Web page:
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Hibbard, Benjamin Horace, 1870-1955 / The history of agriculture in Dane County, Wisconsin

Chapter IV: The dairy industry,   pp. 176-184 PDF (1.8 MB)

Page 180

    as to why any particular dairy section makes, or does not make,
    cheese instead of butter.
      The profits of dairying are by no means small. The names
    can be furnished of men who have gone in debt for high-priced
    land and paid for it within a few years, getting almost the entire
    sum from the sale of butter cr cheese. One dairy of thirty cows
    brought in twenty-four hundred dollars in the two years, i899
    and igoo. Others can be cited which have done equally well.
    The labor involved is of course a big item but here as in tobacco
    growing the labor is of a cheap kind and is nearly all done by the
    family. This is an important point. It has never been found
    profitable to hire much help on a dairy farm; the main part of the
    work is milking and taking milk to the factory, which is done
    morning and evening, and the amount of general farming to be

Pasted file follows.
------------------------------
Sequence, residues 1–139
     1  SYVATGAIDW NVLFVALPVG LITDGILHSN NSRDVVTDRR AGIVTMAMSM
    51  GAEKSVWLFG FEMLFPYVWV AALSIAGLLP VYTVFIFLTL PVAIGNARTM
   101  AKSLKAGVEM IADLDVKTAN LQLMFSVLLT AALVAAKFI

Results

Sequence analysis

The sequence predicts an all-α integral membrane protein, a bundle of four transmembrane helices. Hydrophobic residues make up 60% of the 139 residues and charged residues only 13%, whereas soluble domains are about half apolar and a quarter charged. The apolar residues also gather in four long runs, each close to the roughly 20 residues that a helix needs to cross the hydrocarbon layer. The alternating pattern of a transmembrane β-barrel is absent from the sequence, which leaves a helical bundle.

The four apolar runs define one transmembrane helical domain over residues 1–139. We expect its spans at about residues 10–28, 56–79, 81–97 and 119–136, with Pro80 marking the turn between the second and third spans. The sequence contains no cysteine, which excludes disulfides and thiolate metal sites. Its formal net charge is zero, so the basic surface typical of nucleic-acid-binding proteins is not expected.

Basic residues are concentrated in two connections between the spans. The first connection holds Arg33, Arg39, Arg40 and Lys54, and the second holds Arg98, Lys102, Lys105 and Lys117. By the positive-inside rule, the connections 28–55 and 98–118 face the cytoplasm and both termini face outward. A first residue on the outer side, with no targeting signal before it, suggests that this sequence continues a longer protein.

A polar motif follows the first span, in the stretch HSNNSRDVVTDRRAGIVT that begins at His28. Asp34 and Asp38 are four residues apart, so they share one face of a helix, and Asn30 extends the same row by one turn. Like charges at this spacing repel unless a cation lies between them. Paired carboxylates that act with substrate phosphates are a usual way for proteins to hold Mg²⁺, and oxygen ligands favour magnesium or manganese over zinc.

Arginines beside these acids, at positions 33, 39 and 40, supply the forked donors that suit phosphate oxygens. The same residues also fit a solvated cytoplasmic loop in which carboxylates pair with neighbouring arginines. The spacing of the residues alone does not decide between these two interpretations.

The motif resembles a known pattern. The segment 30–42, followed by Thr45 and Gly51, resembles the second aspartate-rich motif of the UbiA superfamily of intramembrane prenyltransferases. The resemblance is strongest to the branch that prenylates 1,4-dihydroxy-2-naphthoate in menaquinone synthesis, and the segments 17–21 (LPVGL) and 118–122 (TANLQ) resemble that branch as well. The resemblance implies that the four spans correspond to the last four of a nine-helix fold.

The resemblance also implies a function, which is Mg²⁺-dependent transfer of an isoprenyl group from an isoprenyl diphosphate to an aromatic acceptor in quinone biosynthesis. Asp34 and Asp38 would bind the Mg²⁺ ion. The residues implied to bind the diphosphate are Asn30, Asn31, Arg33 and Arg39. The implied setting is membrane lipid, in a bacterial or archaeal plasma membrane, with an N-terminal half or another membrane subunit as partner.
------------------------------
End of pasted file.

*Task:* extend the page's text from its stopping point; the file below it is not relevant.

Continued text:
done on a dairy farm does not furnish employment for a large
    force of men. It is safe to say that the major part of this indus-
    try is carried on without any hired help at all. Dairying is in the
    hands of the men with large families-Norwegians, Germans,
    Irish, and to a less extent Americans. Hardly a dairy can be
    found, that is, a large one, managed by a man who must depend on
    doing all the work himself or hiring it done; such a farmer pre-
    fers raising sheep, hogs, horses; and once in a while a man whose
    interest has long been in dairying, finding himself left to do his
    own work, continues to raise cows, but sells them to his neigh-
    bors. There is little to be said against this custom of requiring
I\ children to do the work of the dairy; the work is not excessively
   disagreeable; it is not severe or long continued; it does not inter-
   fere with their school work, or take them away from home, or
   lead to unwholesome surroundings or associations-almost every
   count of which must be given an opposite answer in regard to
   tobacco culture.
     There are several reasons why dairying has gained so much
   importance during the past ten years. Instead of the former
   great fluctuation in the price of butter, it being down below cost
   of production in the summer and correspondingly high in winter,
   the price for the past decade has been remarkably uniform for the
   different months of the year. Winter dairying is common since
   the obstacles in its way have been overcome. Factory-made but-
   ter is of a higher grade than that made on the farm. And fur-
   thermore it is possible to put butter in cold storage and keep it

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